In Weight Loss, Accountability Is Essential

For the first four months of 2008, I stepped out of the shower every morning and onto a flashy digital scale. This act, along with a food journal and a nutrition class, helped me lose nearly 25 pounds and beat my boss in a weight-loss contest. My blood sugar, which I checked regularly, was under tighter control, and I dropped at least one medication from my diabetes regimen.

The class ended, the batteries died on the scale, and the journal—who knows? Maybe the new hypoallergenic dog ate it. Can you guess what happened next?

OK, I didn’t gain all the weight back—just most of it. After flirting with 178 pounds, I’m now hovering around 190, a fact I discovered when I stepped on the scale at a friend’s house.

Most people who lose weight on a diet gain it back. They return to old habits. I had not intended to diet. I wanted to change my lifestyle. The slimmer me was an expression of those lifestyle changes. But once the accountability disappeared, so did the lifestyle changes. (I have chocolate residue from a mini Twix bar on my keyboard as I type this.)

Of course, there’s science behind this link between weight-loss success and accountability. A study in the current issue of the American Journal of Preventive Medicine confirms what weight-loss experts have long suspected: Accountability works. Study participants who kept food journals were twice as successful as those who did not.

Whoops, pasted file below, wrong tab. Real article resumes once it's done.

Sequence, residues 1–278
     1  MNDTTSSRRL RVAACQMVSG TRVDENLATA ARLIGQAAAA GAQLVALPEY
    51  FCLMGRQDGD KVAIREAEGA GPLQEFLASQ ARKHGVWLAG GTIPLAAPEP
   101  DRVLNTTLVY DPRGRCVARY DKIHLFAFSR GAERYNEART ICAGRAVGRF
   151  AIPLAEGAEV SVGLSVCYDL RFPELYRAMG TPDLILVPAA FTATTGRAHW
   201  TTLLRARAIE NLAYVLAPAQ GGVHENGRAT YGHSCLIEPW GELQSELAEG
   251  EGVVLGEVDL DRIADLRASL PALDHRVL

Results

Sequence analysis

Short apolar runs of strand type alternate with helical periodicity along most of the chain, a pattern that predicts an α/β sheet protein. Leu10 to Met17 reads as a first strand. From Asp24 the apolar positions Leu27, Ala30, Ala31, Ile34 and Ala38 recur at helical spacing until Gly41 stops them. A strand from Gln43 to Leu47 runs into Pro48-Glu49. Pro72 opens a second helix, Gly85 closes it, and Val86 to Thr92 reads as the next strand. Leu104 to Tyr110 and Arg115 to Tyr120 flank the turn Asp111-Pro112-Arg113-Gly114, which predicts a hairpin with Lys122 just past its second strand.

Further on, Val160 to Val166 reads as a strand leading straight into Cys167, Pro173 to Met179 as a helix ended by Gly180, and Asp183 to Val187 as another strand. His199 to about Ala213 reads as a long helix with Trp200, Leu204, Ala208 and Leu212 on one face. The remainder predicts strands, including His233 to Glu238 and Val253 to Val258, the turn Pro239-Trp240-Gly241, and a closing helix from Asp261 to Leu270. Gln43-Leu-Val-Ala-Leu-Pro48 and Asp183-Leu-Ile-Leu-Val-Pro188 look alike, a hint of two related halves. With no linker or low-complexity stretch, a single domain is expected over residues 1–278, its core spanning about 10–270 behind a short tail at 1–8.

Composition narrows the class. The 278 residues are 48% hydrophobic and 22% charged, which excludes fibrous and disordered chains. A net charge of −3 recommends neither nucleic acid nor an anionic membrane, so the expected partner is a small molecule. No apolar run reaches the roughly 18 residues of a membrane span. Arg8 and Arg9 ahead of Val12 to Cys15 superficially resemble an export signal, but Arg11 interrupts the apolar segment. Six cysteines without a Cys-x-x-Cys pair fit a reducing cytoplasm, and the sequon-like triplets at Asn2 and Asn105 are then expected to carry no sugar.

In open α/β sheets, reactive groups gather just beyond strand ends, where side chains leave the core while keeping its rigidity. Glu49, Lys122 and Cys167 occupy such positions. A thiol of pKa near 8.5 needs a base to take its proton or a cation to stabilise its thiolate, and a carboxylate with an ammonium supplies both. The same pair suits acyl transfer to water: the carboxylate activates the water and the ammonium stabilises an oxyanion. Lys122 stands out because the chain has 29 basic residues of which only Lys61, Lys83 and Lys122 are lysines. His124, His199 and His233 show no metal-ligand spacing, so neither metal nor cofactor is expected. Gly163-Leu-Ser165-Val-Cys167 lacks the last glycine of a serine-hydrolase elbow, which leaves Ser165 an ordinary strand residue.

There’s no magic here. Being confronted with the evidence of overeating—on the pages of a journal or through the LED screen on a scale—motivated me the same way support groups motivate others.

My weight-loss doctor offered to keep seeing me after my nutrition class ended. His service included weekly weigh-ins and biweekly sessions, the kind of accountability my scale, journal, and nutrition class offered.

Because I did not take him up on the offer, and because I let the journal lapse and the scale go dark, the only accountability I have left is the occasional nagging family member and my size 34 pants, which are struggling under the weight of my new muffin top.

As a diabetic, I have good reasons to lose weight and keep it off. Now I just need new batteries for my scale, a food journal, and a moment to call my weight-loss doctor. Just help me make sure I do it!


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